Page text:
A deluxe version contains a DVD of acoustic performances of “Panama”, “You and Your Blues”, and “Beautiful Girls”.
A Different Kind of Truth
“Van Halen has always been the proper escape for adolescent males. They trademarked a sound that essentially offered the greatest party anyone could find. They were many a teen’s Friday night fiesta, even if said teen never left the house…You could soak up Eddie Van Halen’s convertible cruising riffage or [David Lee] Roth’s over-the-top hysteria for all things fun ‘n’ games.” CS
When Roth parted ways with the band after 1984, named after the year of its release, teen boys everywhere wept. However, VH soldiered on with Sammy Hagar as the new front man. The second incarnation of VH maintained the band’s multi-platinum album status for another decade with four #1 studio albums.
After that also imploded, Van Halen did one more ill-chosen outing with Gary Cherone of Extreme taking the mike. That effort, the oddly named Van Halen III, was widely panned and proved their least successful commercial endeavor. That was the last we heard of the band from the studio.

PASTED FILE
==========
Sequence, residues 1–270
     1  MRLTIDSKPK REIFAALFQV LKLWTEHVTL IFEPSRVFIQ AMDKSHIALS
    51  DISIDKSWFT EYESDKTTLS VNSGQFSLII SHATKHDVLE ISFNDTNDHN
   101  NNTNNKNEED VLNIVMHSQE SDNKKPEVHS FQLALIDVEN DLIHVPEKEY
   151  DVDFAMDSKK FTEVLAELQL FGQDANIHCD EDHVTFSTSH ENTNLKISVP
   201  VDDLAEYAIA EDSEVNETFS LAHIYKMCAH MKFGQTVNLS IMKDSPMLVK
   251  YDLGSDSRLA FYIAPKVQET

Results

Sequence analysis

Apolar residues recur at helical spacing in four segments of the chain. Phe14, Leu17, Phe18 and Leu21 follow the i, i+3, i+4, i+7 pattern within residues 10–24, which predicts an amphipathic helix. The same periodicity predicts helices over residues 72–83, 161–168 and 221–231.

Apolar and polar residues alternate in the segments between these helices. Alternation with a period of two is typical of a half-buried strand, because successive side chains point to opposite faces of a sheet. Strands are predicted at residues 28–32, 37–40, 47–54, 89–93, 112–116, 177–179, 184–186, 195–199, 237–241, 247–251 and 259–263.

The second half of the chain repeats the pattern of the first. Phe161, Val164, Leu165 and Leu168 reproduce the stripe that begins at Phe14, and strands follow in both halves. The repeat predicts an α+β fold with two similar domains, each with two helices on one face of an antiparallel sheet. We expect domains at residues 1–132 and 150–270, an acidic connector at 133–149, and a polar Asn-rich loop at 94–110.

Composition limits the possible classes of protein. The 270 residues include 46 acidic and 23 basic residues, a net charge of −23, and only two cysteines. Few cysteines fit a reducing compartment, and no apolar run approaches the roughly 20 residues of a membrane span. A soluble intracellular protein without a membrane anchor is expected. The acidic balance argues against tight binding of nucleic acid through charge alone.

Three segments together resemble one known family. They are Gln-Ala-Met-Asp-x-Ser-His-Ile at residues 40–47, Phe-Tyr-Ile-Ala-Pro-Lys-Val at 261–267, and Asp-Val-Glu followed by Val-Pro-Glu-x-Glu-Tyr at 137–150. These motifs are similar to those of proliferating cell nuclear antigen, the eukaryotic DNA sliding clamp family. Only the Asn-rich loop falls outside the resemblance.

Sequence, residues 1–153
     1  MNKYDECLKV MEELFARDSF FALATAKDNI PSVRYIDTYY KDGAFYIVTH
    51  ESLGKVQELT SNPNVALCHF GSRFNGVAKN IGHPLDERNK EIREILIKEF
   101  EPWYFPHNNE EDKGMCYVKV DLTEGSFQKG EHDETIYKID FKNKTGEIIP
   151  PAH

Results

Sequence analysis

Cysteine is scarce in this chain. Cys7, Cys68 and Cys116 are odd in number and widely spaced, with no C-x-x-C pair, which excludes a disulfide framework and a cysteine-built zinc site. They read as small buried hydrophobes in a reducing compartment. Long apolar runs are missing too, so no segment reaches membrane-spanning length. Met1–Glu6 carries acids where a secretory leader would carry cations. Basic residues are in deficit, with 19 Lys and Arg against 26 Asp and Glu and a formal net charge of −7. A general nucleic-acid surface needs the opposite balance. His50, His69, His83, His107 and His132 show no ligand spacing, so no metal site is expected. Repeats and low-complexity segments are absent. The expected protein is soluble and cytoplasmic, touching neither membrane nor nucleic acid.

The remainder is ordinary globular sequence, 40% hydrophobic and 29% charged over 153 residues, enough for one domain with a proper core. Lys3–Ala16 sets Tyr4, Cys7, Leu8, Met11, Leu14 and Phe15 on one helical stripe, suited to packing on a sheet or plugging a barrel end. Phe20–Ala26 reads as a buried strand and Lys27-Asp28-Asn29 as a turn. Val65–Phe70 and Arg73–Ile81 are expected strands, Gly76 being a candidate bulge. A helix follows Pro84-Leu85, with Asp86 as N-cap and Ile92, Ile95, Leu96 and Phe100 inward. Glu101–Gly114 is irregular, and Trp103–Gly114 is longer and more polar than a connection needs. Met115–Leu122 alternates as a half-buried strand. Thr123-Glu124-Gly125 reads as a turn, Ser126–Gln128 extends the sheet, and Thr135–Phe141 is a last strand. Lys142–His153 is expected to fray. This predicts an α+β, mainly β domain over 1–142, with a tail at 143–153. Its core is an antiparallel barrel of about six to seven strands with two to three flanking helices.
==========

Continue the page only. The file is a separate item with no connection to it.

Hagar returned for a “2004 hits album and an accompanying tour, a project that collapsed in acrimony so noxious that founding bassist Michael Anthony left with the Red Rocker. Eddie brought in his son Wolfgang as Anthony’s replacement and began a prolonged courtship of David Lee Roth that first led to a tour [in 2007] and this to this, A Different Kind of Truth.” AMG
Comeback projects rarely prove to be necessities, and Truth is certainly “designed to revive the spirit of the first five or six Van Halen records” AMG and erase III as the band’s final testament. The new album accomplishes the task; AntiQuiet called it “a true return of the ‘80s cock-rock overlords.” WK It “offers the same youthful escape that sold the band to millions worldwide over 30 years ago. Roth hardly sounds geriatric, Eddie’s solos repel, quake, and tremble, Alex’s thundering percussion remains intact, and…Wolfgang, fits right in. Even without Michael Anthony, the harmonies warm up each track in trademark fashion.” CS SleazeRoxx said, “regardless of how much bad blood has been spilled over the years, of how insane Roth and the Van Halen brothers can act, one thing is certain – when they get together magic happens.” WK